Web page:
William Pereira, Architect
When the UC Regents decided in the late 1950s to expand the university system to a location in either southeast Los Angeles or Orange County, they hired the renowned architect William Pereira to help identify a suitable site. That site, of course, turned out to be on the Irvine Ranch, and Pereira would become the Master Architect of both the UC Irvine campus and the City of Irvine.
Born in Chicago, Pereira had earned a degree in architecture from the University of Illinois. He then got his start with the Chicago firm, Holabird & Root in 1930 before branching out on his own a few years later. His drive and initiative won him many projects, including a health sanatorium and a chain of movie theaters. At the Chicago 1933 exposition, he won 22 out of 25 industrial-design competitions.
In 1938 Pereira followed his wife Margaret, an actor and model, to California. Adapting to a new home and new life did not prove to be an obstacle to his work. He was soon hired to design a new studio for Paramount Pictures. Other accomplishments included teaching in the architecture department at USC and designing such California institutions such as the Los Angeles County Museum of Art, Los Angeles International Airport, several buildings on the UC Santa Barbara campus, and CBS Television City.
He also had a stint in the movies. He was the producer for "Johnny Angel" (1945) and "From This Day Forward" (1946), as well as production designer for "Jane Eyre" (1944) and "Since You Went Away" (1944).
The UCI Era
Working closely with Chancellor Aldrich and UC President Clark Kerr, Pereira envisioned UCI to evolve around two concentric rings, with a park as its center. The northern part of the rings would be the hub of the campus. The library, administration and student union would be situated here, with humanities and fine arts close by. The sciences would be at the southern position. This circular design would allow student residence halls to be near the academic buildings. Buildings would be, at most, a 10-minute walk from one another.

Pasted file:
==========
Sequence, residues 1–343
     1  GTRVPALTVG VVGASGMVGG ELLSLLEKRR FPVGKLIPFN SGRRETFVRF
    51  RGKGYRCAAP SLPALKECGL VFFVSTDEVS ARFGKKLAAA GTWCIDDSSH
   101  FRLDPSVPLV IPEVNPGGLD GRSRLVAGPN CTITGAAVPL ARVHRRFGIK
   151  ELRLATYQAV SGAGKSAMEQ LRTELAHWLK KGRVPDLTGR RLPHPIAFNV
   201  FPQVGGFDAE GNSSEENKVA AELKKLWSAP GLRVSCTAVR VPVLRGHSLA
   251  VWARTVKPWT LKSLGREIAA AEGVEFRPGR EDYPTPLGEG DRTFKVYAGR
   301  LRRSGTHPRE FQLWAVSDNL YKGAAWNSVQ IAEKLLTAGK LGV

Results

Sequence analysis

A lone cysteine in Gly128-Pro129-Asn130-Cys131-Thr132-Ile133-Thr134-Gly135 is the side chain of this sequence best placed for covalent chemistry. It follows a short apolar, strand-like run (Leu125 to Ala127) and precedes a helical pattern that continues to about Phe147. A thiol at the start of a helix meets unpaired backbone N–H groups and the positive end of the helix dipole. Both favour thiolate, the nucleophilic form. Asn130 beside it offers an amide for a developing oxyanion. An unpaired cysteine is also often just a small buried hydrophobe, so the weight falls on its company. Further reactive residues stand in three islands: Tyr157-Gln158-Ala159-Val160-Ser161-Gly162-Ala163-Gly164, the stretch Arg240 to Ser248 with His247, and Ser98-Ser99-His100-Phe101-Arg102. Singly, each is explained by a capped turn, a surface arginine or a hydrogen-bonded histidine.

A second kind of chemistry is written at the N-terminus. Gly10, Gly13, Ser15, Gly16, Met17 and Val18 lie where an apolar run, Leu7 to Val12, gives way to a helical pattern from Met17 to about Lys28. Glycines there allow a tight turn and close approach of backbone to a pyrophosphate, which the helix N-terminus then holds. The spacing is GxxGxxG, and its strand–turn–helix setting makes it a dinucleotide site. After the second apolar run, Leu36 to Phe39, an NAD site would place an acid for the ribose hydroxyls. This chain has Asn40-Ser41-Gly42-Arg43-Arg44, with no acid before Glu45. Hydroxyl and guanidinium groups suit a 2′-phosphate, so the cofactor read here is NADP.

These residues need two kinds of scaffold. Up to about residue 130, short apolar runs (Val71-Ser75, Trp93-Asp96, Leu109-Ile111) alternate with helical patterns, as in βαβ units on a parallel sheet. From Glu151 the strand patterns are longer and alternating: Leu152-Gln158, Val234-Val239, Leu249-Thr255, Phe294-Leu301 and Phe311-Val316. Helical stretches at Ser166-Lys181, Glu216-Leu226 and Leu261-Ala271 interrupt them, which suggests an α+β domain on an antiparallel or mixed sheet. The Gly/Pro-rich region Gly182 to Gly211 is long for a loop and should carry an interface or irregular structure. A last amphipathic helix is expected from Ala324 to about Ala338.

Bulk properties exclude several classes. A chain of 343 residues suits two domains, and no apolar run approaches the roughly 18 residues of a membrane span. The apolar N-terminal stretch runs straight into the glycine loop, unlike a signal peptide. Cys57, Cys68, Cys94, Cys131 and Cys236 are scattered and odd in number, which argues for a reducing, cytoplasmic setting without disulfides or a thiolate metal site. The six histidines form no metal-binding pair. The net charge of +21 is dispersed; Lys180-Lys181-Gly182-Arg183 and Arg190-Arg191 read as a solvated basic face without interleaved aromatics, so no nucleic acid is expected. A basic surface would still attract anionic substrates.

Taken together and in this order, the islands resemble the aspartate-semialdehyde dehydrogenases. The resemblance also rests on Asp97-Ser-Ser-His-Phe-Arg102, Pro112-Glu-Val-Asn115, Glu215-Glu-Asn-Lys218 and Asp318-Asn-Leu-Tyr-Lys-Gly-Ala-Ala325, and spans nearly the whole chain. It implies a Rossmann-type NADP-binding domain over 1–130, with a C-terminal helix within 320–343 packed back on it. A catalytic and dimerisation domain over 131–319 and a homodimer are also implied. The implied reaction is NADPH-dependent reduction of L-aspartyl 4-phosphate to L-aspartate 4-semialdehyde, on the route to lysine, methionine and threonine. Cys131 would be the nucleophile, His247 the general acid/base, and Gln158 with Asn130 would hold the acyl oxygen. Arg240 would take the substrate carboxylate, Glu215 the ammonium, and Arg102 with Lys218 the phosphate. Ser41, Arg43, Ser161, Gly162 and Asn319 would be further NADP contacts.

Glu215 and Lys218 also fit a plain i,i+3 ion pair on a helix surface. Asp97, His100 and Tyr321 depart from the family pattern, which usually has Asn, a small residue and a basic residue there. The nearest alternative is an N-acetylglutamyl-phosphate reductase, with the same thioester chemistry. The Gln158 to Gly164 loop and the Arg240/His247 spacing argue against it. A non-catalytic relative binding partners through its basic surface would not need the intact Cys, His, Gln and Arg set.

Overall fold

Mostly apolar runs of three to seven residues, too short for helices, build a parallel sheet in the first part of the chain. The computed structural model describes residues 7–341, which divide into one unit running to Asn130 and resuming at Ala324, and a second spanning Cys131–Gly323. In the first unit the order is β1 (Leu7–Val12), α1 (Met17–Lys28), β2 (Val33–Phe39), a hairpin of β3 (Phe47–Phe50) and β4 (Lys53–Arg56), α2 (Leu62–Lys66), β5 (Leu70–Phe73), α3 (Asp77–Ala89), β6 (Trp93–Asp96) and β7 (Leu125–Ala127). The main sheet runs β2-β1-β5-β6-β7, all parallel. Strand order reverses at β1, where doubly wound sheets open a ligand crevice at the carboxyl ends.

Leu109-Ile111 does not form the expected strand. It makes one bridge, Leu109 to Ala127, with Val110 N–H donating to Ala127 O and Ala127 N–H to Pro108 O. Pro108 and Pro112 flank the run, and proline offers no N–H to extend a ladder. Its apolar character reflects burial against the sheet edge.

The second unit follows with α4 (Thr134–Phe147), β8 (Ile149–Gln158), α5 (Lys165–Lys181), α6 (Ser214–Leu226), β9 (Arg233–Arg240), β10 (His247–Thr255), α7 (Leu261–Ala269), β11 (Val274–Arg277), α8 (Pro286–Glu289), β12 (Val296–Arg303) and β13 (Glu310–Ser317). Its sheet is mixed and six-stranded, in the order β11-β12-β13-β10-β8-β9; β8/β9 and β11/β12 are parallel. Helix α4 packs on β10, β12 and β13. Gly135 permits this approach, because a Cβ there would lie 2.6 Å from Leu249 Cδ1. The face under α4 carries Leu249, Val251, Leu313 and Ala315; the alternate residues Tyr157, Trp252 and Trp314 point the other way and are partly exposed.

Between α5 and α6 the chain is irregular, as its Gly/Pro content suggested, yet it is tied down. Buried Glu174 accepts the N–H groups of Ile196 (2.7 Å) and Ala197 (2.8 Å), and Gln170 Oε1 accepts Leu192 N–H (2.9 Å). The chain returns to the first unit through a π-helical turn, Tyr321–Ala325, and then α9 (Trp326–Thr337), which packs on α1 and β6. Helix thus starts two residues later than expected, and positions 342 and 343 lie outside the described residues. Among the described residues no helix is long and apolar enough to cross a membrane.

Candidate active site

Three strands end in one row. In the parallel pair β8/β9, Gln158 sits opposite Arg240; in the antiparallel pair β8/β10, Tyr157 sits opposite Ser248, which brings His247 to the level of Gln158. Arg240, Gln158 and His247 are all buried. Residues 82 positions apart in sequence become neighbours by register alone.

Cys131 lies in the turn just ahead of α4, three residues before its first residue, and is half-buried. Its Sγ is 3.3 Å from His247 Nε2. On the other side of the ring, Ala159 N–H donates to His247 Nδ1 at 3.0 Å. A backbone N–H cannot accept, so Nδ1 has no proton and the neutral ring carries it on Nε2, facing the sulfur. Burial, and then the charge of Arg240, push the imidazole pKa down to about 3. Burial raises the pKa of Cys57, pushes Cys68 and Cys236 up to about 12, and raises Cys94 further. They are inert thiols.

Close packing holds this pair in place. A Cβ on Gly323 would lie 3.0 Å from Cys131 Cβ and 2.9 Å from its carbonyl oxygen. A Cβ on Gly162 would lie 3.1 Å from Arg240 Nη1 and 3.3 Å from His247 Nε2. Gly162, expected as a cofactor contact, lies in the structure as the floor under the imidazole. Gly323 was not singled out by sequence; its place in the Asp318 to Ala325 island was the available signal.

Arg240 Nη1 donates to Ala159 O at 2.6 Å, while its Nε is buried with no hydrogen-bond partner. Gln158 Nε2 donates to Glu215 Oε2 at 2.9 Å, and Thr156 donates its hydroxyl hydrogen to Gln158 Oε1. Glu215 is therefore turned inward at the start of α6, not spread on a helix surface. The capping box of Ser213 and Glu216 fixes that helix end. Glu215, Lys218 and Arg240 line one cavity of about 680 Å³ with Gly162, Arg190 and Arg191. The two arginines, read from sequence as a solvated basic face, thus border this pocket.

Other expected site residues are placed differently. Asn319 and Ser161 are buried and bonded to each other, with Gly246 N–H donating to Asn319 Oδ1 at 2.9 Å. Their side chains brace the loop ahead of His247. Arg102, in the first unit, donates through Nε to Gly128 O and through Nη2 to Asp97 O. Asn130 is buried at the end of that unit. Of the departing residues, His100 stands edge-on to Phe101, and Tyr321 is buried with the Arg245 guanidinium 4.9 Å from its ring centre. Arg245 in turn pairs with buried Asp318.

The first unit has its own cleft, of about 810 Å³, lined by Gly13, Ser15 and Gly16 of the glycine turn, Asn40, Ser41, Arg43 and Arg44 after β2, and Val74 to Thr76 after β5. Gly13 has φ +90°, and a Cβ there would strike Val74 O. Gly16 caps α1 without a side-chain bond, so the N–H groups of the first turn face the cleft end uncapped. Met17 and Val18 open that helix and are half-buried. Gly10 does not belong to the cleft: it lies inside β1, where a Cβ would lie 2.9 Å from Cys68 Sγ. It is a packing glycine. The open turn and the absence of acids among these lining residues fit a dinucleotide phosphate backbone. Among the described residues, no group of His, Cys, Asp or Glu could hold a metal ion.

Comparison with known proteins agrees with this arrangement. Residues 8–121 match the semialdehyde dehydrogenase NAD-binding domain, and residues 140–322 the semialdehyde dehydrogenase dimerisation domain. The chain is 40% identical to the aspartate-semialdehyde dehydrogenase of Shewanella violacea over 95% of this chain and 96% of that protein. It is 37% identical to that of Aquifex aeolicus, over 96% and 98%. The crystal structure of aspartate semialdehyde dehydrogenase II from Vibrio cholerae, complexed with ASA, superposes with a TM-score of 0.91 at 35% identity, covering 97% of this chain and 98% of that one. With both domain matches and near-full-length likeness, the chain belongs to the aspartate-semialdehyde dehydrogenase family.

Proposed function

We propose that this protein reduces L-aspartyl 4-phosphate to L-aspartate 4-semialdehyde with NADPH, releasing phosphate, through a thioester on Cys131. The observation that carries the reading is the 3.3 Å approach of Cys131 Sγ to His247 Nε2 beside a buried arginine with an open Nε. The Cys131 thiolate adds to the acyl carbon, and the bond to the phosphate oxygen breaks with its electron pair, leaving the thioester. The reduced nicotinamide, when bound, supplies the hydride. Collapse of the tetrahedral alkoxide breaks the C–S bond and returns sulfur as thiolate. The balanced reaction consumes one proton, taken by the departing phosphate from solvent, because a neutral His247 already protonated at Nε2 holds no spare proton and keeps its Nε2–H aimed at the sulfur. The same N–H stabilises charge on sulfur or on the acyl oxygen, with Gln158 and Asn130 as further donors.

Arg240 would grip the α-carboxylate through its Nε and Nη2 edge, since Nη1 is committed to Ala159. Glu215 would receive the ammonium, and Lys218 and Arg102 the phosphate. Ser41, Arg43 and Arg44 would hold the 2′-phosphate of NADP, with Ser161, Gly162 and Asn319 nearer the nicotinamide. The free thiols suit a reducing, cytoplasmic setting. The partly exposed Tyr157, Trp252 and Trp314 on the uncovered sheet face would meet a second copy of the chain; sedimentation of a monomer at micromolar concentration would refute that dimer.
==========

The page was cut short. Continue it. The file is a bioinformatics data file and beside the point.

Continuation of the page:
Pereira chose to design the campus buildings in the California "Brutalist" style, which stretched the limits of how concrete could be shaped. Brutalism (which literally means raw concrete, from the French "béton brut") took advantage of the poured concrete to free structures from posts and beams. Probably the best example of this is Langson Library, with its curved concrete façade.
When Pereira presented his "master plan" to the UC Regents at two meetings in October and December 1962, there was only one dissenting vote. The UC Irvine campus was soon built on 1,000 acres donated by the Irvine Company, with William L. Pereira & Associates at its architectural helm.
After his time at UCI, Pereira went on to design notable projects such as the Transamerica Tower in San Francisco, Geisel Library at UC San Diego, and the Dickson Art Center at UCLA. He died in 1985.